Professors Welcome Release, but Critics Say That Concerns Over Leadership Remain
And professors who called for the transcript’s release welcomed Summers’ move—but are already disputing the substance of his comments.
Summers’ advocates, meanwhile, validated the scholarship behind the claims made in the speech and circulated a petition among the Faculty, asking that they actively affirm their confidence in Summers’ leadership if it comes to a vote at next Tuesday’s meeting.
As of last night, 70 faculty members had signed the petition.
While it was difficult to gauge just how much yesterday’s development will change faculty opinion, one senior professor said that if a vote were held, it appears that the majority of professors would vote “no confidence” in Summers.
“I believe there is a minority of faculty who would support the president entirely. I believe there is a majority who don’t. I believe that there is a small group in between that takes a more reasoned view,” said the professor, who asked not to be named.
According to the transcript of Summers’ remarks at a National Bureau of Economic Research conference last month, Summers said that the underrepresentation of women in science is due largely to “issues of intrinsic aptitude” and women’s self-selection out of certain jobs to focus on family obligations.
He downplayed the significance of discrimination in the hiring process and beyond.
Johnstone Family Professor of Psychology Steven Pinker said that Summers’ interpretation is a valid claim.
“There’s not a hundred percent certainty in any of the claims, but they are reasonable given what we know in the literature,” Pinker said.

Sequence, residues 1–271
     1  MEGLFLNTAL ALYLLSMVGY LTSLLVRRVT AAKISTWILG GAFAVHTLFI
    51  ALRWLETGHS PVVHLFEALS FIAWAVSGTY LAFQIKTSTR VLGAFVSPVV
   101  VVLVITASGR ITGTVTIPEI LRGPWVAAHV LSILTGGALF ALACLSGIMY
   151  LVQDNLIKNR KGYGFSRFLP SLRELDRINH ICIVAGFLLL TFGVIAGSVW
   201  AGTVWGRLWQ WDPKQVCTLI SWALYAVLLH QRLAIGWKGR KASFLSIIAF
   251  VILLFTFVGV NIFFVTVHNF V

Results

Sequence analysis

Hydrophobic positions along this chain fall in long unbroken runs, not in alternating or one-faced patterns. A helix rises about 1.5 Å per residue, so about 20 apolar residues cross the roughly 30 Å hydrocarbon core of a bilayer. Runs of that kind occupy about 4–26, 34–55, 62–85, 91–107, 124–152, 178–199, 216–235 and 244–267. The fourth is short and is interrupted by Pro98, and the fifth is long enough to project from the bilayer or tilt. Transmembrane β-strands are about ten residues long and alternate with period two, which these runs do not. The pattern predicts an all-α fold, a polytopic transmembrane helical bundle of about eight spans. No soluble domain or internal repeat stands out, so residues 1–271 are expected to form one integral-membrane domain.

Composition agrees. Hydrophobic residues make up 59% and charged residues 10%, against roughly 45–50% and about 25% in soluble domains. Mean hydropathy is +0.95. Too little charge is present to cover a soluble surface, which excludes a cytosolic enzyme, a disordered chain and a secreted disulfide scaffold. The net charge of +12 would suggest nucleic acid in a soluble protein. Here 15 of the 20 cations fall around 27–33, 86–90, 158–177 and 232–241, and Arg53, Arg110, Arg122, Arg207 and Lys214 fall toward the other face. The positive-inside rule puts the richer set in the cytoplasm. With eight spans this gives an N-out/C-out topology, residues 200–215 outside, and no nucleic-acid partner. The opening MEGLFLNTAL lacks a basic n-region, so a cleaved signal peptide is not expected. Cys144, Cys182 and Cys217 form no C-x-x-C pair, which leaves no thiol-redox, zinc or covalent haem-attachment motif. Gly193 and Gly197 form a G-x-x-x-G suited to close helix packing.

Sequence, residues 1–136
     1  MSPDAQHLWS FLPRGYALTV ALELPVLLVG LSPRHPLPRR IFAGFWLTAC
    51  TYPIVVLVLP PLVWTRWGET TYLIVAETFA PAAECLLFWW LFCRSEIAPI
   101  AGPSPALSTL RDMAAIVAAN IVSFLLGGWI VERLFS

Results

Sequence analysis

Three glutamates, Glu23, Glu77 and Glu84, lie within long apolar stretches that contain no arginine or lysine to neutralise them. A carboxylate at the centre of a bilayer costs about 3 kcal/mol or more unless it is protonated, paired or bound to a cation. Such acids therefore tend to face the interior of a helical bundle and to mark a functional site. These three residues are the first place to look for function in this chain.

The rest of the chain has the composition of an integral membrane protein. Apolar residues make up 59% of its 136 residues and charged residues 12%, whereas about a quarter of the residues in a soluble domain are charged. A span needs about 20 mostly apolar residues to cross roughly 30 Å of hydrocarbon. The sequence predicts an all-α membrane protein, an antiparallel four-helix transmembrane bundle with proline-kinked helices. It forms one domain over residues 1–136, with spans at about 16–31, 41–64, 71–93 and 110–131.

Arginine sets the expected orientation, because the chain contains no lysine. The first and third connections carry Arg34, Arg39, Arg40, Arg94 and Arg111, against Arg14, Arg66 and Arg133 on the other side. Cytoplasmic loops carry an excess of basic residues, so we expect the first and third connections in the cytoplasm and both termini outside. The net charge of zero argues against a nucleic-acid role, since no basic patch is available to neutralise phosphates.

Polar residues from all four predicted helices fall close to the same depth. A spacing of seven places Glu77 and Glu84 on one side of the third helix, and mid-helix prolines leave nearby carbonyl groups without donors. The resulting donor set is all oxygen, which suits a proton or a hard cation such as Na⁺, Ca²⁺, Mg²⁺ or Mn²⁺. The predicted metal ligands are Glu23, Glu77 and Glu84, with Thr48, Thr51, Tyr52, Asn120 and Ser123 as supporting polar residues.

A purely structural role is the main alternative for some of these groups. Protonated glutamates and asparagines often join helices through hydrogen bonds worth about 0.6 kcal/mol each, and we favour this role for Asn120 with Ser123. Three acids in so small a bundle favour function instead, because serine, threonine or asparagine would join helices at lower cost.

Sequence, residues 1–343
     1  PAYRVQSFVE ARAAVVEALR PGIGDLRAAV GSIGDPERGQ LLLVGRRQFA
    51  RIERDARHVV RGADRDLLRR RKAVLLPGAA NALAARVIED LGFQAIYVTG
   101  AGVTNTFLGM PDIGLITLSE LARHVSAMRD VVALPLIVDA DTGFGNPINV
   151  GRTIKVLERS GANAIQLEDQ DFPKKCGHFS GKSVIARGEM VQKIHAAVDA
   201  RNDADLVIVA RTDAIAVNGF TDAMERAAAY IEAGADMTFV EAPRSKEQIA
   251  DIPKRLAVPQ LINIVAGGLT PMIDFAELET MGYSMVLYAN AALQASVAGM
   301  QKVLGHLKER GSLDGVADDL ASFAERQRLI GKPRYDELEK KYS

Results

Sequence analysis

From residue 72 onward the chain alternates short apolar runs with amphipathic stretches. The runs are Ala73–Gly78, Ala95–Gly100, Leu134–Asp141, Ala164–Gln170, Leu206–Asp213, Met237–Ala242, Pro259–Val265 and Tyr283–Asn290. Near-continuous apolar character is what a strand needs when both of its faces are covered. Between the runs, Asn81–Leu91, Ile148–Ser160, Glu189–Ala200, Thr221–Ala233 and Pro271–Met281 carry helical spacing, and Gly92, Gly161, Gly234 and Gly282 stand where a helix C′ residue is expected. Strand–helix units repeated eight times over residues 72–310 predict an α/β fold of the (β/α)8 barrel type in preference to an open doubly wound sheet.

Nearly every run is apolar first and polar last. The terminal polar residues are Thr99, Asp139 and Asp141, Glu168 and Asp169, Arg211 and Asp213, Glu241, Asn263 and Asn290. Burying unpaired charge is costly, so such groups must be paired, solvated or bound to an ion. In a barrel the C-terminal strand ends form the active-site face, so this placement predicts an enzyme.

But Summers’ critics remain most upset about the president’s dismissal of the discrimination claim, which they say contradicts decades of research and represents a setback in the fight for gender equality.
Summers “ignores the impediments to women’s progress posed by long-standing patterns of prejudice, unwelcoming environments, and unequal resources: factors that have been documented by a wealth of research over many years,” Berkman Professor of Psychology Elizabeth S. Spelke wrote in an e-mail yesterday.
Given the scope of the debate over Summers’ ability to lead, the same anonymous professor said the transcript may not change many minds.
“People are going to read these comments and read into them what they want to see,” the professor said.
BENDING TO PRESSURE
Summers’ release of the transcript yesterday came in response to strong Faculty pressure at Tuesday’s Faculty meeting.
According to Cabot Professor of Social Ethics Mahzarin R. Banaji, that pressure made the release of the tape almost inevitable.
“When a demand of this sort is made of the president, it is quite likely that the president will comply in the spirit of free inquiry,” Banaji said.
Faculty who criticized Summers for withholding the transcript said that honest debate about the issues can finally occur.
“We will all read his remarks and evaluate what he said,” said Professor of Anthropology and of African and African American Studies J. Lorand Matory, who sharply criticized Summers at Tuesday’s meeting. “One keeps an open mind about the substance of the remarks today.”